• Do we have the right business partners across all aspects of the business?

  • Should we partner with one full spectrum marketing agency or have several niche agencies that specialize in creative development, SEO, paid media, PR, etc.

  • Who wants to partner and win as much as you do?

  • Is there an opportunity to improve current relationships or engage new partners?

  • Is our technology helping or hindering us from being productive? What areas should we prioritize in terms of need?

  • Marketing agency partnership: Do we need a strategy, branding, or marketing campaign partner?

  • Marketing software technology: E.g. Are current email and website platforms capable of delivering what we need to our customers? You could pull in influencer partnerships here if they transcend a standard marketing outreach approach. As a practical tool, a RACI outlines how different stakeholder work together on a given project



Now it’s time to look inward. You’ll often see company as the 1st C. In terms of logic, I think it’s best left as the final C because this keep you focused on the external environment first, helping avoid bias. Then, you can bring it all together by seeing how your company is positioned. Make sure to be brutally honest in your assessment of your company’s position.

  • Given our 5Cs analysis, how well positioned are we in the face of challenges and opportunities?

  • How adaptable is your company?

  • Where will you be able to easily respond?

  • Do you need to more global and/or local?

  • Are we profitable?

  • Could we be more profitable?

  • How have we tracked vs. goals and objectives in the past?

  • Are brand equity metrics trending positive or declining?

  • Is there an opportunity to increase operations and reduce costs?

  • What assets do we possess that may be underutilized?

  • How can we reinforce current assets and operations to provide greater results?

  • What is your company culture like?

  • What are the top values we aspire to vs. what employees say we stand for?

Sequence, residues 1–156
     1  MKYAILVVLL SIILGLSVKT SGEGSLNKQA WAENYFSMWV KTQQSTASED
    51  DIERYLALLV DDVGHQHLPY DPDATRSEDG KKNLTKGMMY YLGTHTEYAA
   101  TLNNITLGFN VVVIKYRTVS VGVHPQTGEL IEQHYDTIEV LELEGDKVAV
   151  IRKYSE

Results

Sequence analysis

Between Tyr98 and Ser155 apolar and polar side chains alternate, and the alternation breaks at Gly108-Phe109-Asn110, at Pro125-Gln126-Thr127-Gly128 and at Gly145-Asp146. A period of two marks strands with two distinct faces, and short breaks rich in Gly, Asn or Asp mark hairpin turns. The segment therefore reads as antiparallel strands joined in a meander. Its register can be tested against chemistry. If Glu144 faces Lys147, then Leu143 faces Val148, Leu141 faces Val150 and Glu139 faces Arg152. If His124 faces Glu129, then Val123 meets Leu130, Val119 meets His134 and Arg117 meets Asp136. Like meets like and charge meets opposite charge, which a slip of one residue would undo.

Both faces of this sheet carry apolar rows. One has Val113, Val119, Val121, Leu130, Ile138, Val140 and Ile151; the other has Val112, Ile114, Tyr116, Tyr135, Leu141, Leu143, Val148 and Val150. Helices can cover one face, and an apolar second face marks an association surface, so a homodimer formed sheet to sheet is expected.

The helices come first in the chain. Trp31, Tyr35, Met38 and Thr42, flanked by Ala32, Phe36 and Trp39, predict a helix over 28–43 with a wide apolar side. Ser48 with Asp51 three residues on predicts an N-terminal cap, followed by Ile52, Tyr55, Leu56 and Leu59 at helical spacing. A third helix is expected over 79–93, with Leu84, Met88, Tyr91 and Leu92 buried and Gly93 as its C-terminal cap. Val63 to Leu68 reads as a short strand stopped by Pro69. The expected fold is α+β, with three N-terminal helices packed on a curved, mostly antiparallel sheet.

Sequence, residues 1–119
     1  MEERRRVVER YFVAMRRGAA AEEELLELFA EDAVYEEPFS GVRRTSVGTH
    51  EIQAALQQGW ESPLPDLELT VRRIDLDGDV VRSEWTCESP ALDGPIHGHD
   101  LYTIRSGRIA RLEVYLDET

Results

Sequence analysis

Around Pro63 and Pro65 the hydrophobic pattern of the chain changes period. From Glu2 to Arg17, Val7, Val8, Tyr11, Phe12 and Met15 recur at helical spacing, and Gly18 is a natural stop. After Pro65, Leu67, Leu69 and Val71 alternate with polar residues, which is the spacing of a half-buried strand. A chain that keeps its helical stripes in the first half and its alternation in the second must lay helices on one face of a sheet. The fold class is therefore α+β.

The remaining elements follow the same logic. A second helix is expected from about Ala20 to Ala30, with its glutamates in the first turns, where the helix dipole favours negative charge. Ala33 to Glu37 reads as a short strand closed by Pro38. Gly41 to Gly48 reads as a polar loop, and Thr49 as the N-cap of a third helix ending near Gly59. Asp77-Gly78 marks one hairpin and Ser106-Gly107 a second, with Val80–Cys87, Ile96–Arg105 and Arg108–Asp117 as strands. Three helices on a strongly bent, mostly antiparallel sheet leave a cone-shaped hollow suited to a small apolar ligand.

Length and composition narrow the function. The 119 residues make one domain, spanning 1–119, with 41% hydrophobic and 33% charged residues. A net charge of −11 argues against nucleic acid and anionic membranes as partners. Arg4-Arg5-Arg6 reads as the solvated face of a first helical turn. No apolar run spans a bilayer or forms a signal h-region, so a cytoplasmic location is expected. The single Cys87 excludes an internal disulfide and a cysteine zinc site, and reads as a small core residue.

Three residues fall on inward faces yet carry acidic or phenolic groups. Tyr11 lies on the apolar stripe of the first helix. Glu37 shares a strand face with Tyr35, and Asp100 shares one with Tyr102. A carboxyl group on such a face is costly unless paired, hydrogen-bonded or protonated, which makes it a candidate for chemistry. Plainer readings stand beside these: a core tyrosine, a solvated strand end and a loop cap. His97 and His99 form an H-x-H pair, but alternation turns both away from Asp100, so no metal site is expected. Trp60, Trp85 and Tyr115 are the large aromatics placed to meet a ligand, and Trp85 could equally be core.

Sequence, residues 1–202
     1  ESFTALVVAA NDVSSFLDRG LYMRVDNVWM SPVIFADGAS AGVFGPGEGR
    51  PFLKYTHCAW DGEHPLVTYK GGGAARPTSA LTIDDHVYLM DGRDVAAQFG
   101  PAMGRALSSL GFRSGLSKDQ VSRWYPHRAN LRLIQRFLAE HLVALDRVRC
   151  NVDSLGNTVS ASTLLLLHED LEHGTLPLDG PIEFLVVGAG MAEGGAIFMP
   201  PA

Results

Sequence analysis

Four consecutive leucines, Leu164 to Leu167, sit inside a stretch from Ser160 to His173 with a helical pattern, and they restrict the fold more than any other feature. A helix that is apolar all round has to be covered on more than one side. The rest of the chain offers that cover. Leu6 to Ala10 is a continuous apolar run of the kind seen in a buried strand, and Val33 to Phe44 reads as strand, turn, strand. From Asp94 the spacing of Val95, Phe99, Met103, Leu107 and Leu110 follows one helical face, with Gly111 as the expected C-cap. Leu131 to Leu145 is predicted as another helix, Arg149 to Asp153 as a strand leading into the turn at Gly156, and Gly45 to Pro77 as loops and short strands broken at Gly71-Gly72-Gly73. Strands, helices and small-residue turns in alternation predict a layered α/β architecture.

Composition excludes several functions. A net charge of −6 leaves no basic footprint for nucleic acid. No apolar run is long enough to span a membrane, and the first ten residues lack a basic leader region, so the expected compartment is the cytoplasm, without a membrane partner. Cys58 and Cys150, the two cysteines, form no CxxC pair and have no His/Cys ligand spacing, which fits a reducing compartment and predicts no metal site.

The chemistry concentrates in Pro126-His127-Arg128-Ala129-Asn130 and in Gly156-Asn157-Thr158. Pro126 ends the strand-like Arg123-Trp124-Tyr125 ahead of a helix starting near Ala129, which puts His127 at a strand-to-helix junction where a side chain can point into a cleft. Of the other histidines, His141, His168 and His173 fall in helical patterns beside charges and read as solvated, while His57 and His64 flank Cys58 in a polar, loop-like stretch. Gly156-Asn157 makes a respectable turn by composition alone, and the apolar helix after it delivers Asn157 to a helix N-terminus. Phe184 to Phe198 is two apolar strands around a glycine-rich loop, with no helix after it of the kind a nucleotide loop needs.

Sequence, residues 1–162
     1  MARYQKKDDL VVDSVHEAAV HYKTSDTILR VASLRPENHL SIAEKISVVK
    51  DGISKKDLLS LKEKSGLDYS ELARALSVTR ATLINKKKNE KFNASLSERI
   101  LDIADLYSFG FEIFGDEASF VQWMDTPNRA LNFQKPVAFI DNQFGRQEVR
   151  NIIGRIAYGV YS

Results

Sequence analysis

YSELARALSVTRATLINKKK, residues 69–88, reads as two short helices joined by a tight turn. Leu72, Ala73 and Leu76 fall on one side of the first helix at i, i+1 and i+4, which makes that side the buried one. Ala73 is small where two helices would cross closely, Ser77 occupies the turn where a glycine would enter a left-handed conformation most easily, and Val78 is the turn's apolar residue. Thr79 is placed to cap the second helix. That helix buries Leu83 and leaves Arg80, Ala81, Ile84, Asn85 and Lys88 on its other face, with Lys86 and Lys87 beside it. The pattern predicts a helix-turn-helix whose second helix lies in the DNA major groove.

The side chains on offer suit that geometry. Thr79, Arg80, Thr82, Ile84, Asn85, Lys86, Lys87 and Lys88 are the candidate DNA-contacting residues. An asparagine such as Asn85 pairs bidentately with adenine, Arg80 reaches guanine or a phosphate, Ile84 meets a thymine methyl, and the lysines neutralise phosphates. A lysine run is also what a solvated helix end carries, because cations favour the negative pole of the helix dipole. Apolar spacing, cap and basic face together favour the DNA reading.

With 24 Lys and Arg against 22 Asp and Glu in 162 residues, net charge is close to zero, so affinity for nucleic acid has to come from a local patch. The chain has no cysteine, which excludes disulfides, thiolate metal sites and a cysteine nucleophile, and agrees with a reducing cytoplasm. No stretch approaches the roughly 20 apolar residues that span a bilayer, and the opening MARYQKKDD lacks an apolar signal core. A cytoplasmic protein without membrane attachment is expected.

• Where are you currently investing capital?

  • Are these the right areas to invest?

  • What should you invest in for the long term?

  • What’s keeping you up at night?

  • What SHOULD be keeping you up at night?

One of the drawbacks of a 5Cs analysis is that it’s not a decision-making tool. You get observations and facts...

One of the drawbacks of a 5Cs analysis is that it’s not a decision-making tool. You get observations and facts; the goal is to draw initial business implications, and from there choose another approach in order to formulate a strategic recommendation.

You can incorporate a SWOT Analysis, either within the 5Cs marketing framework, or as a next step.

When used properly, the SWOT analysis makes an excellent complement to the 5Cs in marketing framework, using the data you’ve gathered from the 5Cs as inputs. Don’t think of SWOT as a data collection tool, a SWOT should drive strategic insight by linking strengths, weaknesses, opportunities, and threats against each other, leading you to where your opportunity to grow exists. You can watch a dedicated video on the “SWOT Fusion Matrix,” or “TOWS,” which is a powerful recommendation version of the SWOT, here

Is the 5Cs marketing framework better for Entrepreneurs or Big Businesses?

Most entrepreneurs don’t have the time to conduct exhaustive, research rich, months long strategic plans like larger organizations. If you use the shortcut methods and tools I outlined above for entrepreneurs, you’ll be successful in getting the foundational data needed in order to conduct your 5Cs marketing analysis.


Summing it up…

How to use the 5Cs:

  1. Keep the 5Cs as one slide for a high-level view, or break in out into multiple slides to tell a story

  2. Can be used for annual planning at the enterprise, business unit, brand, or even product level and also works well as a method to bring new employees up to speed on how your business operates

  3. Bolting on other tools, such as a SWOT and PESTEL analysis, leads to better decision making

  4. Take a look and refresh it often; at least every 6 months

5Cs in Marketing Advantages

Simple, holistic view of your business

Flexible format can adjust to the level of detail you need in your analysis

5Cs in Marketing Disadvantages

Weak on actionable next steps without adding other tools like SWOT

Watch out for making the tool too simple (not enough data)


What are some pros or cons you’ve experienced with the 5Cs approach?

Any thoughts on how to get this off the ground in smaller organizations?

Let us know! Send us a message at

About this Author:

Adam Fischer is a marketer with over ten years of experience in brand management and digital marketing. He’s challenged assumptions and taken bold moves to drive growth in roles at small businesses like Dogeared Jewelry and multi-billion-dollar companies like Nature Made Vitamins and CVS Health. His B.S. in philosophy from Northeastern University helps him ask questions that get to the heart of business issues. His M.B.A. in marketing from the Thunderbird School of Global Management at ASU helps him thinking strategically about driving brands and growth.